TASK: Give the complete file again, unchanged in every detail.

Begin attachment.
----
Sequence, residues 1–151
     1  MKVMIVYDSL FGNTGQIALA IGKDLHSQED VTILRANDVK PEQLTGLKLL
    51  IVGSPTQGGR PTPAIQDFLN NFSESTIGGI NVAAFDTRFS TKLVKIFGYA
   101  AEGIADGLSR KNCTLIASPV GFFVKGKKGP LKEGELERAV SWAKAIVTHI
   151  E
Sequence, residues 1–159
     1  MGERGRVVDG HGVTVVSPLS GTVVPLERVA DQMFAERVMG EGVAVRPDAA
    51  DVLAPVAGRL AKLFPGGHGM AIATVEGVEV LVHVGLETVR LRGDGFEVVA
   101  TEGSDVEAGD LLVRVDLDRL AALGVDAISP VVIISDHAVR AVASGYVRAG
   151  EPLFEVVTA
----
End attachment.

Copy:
Sequence, residues 1–151
     1  MKVMIVYDSL FGNTGQIALA IGKDLHSQED VTILRANDVK PEQLTGLKLL
    51  IVGSPTQGGR PTPAIQDFLN NFSESTIGGI NVAAFDTRFS TKLVKIFGYA
   101  AEGIADGLSR KNCTLIASPV GFFVKGKKGP LKEGELERAV SWAKAIVTHI
   151  E
Sequence, residues 1–159
     1  MGERGRVVDG HGVTVVSPLS GTVVPLERVA DQMFAERVMG EGVAVRPDAA
    51  DVLAPVAGRL AKLFPGGHGM AIATVEGVEV LVHVGLETVR LRGDGFEVVA
   101  TEGSDVEAGD LLVRVDLDRL AALGVDAISP VVIISDHAVR AVASGYVRAG
   151  EPLFEVVTA